Chocolate Raspberry Tart

The picture is really not doing this tart justice. It tasted delicious, and as I said as I was making it – there are very few ways to make this go wrong. It is chocolate and raspberries, for Heaven’s sake… 😉

I used the wrong size of mold, so the pie crust was a bit too thick at the bottom for my taste. The chocolate-and-raspberry filling was delicious.

Since we had a bit of leftovers, we froze it – and I ended up eating a small piece straight from the freezer. It tasted like a bar of chocolate, with lots of raspberries in. I thought that was even better than the non-frozen version…

The recipe comes from Dorie Greenspan’s Baking: From My Home to Yours. I have converted the measurements to metric – if you want imperial measurements, the recipe can be found at this blog, or in the cookbook. (Amazing, mouth-watering cookbook… by the way.)

 

Ideally, the pie crust should be made a couple of hours in advance – so it has time to cool down before . If you have a good recipe – use that, as I wasn’t completely happy with this one. Your mileage may vary though.

Sweet tart dough.

Ingredients

350 ml all-purpose flour.

118 ml confectioner’s sugar

1/4 teaspoon salt

127 g cold, unsalted butter in small pieces.

1 large egg yolk.

1. Mix the flour, confectioner’s sugar, and salt together in a bowl.

2. Put the pieces of butter in – and blend it together. (Dorie uses a food processor, but I don’t have that, so I went old school… and used my hands.) It should be mixed into the mixture, and kind of crumbly.

3. Mix in the yolk. (Here is where the recipe gets messy if you’re using the hands…., I switched to the mixer here, to get it more evenly in and mixed together.)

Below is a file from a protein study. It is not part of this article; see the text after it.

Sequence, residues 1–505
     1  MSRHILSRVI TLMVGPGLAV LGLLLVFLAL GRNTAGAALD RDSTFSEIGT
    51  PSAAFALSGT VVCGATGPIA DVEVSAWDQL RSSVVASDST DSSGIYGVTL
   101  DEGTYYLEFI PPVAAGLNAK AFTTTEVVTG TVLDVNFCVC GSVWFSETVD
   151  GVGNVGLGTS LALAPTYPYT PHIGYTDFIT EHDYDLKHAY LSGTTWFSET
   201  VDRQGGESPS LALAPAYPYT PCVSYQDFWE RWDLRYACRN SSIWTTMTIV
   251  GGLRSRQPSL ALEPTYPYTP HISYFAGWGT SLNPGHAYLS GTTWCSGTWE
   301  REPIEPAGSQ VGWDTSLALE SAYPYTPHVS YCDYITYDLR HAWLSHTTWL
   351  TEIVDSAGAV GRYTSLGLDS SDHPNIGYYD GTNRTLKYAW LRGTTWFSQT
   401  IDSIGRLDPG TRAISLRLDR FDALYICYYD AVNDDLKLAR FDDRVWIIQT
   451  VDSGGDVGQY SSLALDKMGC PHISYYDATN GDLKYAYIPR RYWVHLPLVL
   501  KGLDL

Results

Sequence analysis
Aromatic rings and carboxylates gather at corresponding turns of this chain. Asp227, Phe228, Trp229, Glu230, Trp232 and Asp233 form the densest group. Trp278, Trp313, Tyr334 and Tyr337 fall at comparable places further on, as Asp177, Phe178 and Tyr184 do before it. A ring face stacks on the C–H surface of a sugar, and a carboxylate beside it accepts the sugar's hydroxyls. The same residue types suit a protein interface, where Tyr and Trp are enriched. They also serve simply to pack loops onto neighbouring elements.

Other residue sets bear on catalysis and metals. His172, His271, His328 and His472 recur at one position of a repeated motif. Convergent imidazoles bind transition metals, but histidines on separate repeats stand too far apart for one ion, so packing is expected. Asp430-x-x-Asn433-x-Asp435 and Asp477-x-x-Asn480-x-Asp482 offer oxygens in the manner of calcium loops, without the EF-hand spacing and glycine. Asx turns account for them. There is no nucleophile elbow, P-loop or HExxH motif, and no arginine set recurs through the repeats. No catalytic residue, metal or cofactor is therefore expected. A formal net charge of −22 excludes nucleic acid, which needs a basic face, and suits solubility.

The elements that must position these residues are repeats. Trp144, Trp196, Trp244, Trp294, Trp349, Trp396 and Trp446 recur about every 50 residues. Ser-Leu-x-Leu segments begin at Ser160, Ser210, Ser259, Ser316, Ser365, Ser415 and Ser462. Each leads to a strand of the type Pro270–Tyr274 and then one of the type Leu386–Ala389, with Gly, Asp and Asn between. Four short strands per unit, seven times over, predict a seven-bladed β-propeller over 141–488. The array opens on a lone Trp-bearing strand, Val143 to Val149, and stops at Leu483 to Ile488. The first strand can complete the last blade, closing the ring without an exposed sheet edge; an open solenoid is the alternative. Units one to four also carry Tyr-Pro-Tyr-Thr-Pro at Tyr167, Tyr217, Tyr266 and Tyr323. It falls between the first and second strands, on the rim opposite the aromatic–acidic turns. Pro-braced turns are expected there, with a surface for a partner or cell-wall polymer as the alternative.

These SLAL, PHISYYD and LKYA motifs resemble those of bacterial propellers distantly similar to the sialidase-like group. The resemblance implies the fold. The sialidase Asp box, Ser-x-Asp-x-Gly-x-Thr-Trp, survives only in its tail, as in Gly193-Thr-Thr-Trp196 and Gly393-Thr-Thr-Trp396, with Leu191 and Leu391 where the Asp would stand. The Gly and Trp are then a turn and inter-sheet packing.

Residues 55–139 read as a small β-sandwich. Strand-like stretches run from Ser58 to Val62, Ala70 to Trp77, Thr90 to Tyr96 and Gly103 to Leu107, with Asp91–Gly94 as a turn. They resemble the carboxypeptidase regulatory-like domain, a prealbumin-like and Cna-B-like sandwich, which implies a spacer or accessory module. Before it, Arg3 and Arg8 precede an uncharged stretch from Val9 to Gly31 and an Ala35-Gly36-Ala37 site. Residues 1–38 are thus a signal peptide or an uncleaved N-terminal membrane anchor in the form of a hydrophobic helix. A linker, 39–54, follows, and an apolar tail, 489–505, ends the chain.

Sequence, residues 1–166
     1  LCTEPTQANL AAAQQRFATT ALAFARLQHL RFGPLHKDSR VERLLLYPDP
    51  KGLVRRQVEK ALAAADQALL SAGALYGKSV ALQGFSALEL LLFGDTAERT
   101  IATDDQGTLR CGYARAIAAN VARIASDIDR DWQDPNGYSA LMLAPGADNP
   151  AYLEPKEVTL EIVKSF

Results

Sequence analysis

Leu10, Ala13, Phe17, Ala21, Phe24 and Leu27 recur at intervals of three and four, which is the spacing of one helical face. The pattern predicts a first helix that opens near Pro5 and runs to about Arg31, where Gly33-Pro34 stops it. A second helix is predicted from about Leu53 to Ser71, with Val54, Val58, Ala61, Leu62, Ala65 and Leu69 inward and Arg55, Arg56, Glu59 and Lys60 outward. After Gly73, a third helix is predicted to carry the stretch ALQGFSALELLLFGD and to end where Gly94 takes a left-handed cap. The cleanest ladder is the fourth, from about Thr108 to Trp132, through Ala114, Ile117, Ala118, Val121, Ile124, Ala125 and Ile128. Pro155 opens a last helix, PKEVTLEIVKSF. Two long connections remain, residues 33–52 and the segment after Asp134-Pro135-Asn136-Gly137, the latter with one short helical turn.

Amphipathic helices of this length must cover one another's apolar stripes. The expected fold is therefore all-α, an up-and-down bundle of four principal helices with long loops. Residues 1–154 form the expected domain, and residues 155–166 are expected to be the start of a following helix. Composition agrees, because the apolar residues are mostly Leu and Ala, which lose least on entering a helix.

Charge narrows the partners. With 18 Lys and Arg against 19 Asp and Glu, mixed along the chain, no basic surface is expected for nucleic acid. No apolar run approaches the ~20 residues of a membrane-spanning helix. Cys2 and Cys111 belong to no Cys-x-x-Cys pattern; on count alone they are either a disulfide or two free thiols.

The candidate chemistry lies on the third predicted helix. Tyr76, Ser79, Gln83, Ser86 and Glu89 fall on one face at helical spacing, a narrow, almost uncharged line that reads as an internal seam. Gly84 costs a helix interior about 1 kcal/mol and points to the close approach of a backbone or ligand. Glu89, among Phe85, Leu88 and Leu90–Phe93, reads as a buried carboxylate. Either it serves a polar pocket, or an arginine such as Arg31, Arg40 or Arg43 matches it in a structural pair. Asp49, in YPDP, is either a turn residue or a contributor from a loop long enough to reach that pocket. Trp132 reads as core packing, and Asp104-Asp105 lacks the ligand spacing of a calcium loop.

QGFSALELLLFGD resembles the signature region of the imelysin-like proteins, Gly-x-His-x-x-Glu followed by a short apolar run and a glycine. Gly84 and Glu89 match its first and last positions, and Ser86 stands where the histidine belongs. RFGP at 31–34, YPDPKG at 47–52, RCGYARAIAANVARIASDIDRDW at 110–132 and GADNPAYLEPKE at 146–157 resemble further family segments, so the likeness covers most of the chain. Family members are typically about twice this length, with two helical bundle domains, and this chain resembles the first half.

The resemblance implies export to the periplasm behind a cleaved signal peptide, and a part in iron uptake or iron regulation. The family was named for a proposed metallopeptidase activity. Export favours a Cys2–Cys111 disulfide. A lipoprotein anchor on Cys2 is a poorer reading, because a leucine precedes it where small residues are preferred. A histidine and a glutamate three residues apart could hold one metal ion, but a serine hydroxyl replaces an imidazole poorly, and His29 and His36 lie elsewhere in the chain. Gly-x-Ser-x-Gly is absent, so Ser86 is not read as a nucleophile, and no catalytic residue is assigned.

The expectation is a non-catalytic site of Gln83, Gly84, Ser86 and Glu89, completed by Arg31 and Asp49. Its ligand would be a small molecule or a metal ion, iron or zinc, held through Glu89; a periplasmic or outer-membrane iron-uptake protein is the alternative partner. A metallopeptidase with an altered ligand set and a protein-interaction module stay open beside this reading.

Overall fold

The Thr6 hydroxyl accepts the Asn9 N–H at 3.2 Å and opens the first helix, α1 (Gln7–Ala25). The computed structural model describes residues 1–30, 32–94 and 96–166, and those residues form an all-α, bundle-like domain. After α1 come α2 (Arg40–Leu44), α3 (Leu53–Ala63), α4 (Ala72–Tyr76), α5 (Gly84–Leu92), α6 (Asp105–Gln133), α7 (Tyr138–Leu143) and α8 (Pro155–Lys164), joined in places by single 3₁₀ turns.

4. Turn the dough out on a surface, and knead it lightly together to ensure all the dry ingredients are meshed into the dough.

5. Getting it into the pan. Butter a 22 cm tart/pie pan and press the dough evenly over the bottom and the sides of the pan. Save a piece of dough in case the dough cracks while baking and you have to do an emergency fix… The crust should be kind of crumbly, but still cover the whole area.

6. Freeze the crust for at least 30 minutes before baking.

7. Preheat the oven to 190 degrees, celcius.

8. Butter the shiny side of a piece of aluminium foil that is large enough to fit the crust and pan. Fit the foil tightly across the crust, buttered side down.

9. Put the pan with the crust into the oven and bake for about 25 minutes. Remove the foil, and put the crust to cool.

Soft chocolate and raspberry filling

Ingredients

85 g. dark chocolate, finely chopped. (Not beyond 70% cocoa, as it tends to get very intense then.)

56 g good milk chocolate, finely chopped.

118 ml. heavy cream.

57 g unsalted butter, cut into pieces.

2 1/2 tablespoons sugar

2 large eggs – room temperature.

1 large egg yolk, room temperature

a small container of fresh raspberries (depending on how much you like raspberries, I would say. I haven’t tried frozen, but if you go that route, they have to be completely thawed, and all the excess ice water have been removed.)

1. Center a rack in the oven – and preheat to around 150 degrees celius.

2. Put a heat proof bowl over a pan of simmering water. Add the chocolate, heat, and stir occasionally, until the chocolate has melted. Take the bowl off the heat.

3. Meanwhile – put butter and cream together in another pan and bring them just to a boil.

4. Put the butter and cream mixture into the chocolate bowl, and let it stand for 30 seconds. Use a rubber spatula, and gently blend the liquid into the chocolate. The mixture should be fairly smooth. (And look yummy…)

5. Stir in the sugar.

6. Stir in the eggs.

7. Stir in the yolk.

8. Try to break any bubbles that may have formed.

9. Scatter the berries into the bottom of the crust.

10. Pour the chocolate mixture on top of the crust and raspberries.

11. Bake for about 30 minutes – depending on oven. The filling should look like chocolate mousse, and not jiggle like jello.

12. Cool completely before serving.

Leave a Reply

This site uses Akismet to reduce spam. Learn how your comment data is processed.